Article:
“The discovery of poets”

April 29, 2008 at 5:35 pm (Sampurna Chattarji, The Reading Room)

 

Reading Borges is like entering a spell.

 

When you emerge, you hesitate to express what you have seen, imagined, experienced. It isn’t the hesitation of befuddlement, but rather the slow dawning of mystery. Short, matter of fact, unadorned, often distanced, what is it about his stories that makes me feel I have dreamed them, and that I will forget them if I wake too soon, too abruptly?

 

Re-reading Borges in Kolkata a few weeks ago, I found this astonishing passage in a story I have long loved and (so I thought) remembered. But here was this passage, crystalline, presenting itself to me as if for the first time:

 

“another of the tribe’s customs is the discovery of poets. Six or seven words, generally enigmatic, may come to a man’s mind. He cannot contain himself and shouts them out, standing in the centre of a circle formed by the witch doctors and the common people, who are stretched out on the ground. If the poem does not stir them, nothing comes to pass but if the poet’s words strike them they all draw away from him, without a sound, under the command of a holy dread. Feeling then that the spirit has touched him, nobody, not even his own mother, will either speak to him, or cast a glance at him. Now he is a man no longer but a god, and anyone has licence to kill him. The poet, if he has his wits about him, seeks refuge in the sand-dunes of the North.”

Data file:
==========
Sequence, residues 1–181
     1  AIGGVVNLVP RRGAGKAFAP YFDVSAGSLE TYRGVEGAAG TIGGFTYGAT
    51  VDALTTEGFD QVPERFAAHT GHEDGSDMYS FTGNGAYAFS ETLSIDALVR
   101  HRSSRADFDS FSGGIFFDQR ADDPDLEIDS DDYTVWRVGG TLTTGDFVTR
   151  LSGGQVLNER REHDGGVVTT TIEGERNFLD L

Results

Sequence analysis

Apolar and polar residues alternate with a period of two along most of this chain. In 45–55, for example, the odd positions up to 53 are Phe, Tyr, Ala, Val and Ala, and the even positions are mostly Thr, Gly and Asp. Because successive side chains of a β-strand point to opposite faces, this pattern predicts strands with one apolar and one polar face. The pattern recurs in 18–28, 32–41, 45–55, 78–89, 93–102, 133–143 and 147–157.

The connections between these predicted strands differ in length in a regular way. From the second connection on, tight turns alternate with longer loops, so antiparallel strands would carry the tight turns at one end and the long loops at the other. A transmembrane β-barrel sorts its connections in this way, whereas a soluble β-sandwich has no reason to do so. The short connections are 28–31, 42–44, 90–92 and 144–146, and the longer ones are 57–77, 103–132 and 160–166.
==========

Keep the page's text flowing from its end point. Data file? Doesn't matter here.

From Doctor Brodie’s Report, Jorge Luis Borges, first published 7th August, 1970

 

I copied it out on a scrap of paper the day I left Kolkata, as if I didn’t have Borges’ Collected Fictions at home in Bombay, which I could look up any time. That didn’t seem immediate enough. I had to have these words, inscribed, in hand, on a piece of paper that could fit into the small notebook I carry in my bag. No pages blank in the notebook, no time to buy a new one, hence a hastily torn scrap of paper. A talisman, torn from the context in which it first exercised its power over me, now true, and terrifying, only in another, entirely new context – mine, my life as a poet, my attempt to speak, and my often, utter, failure.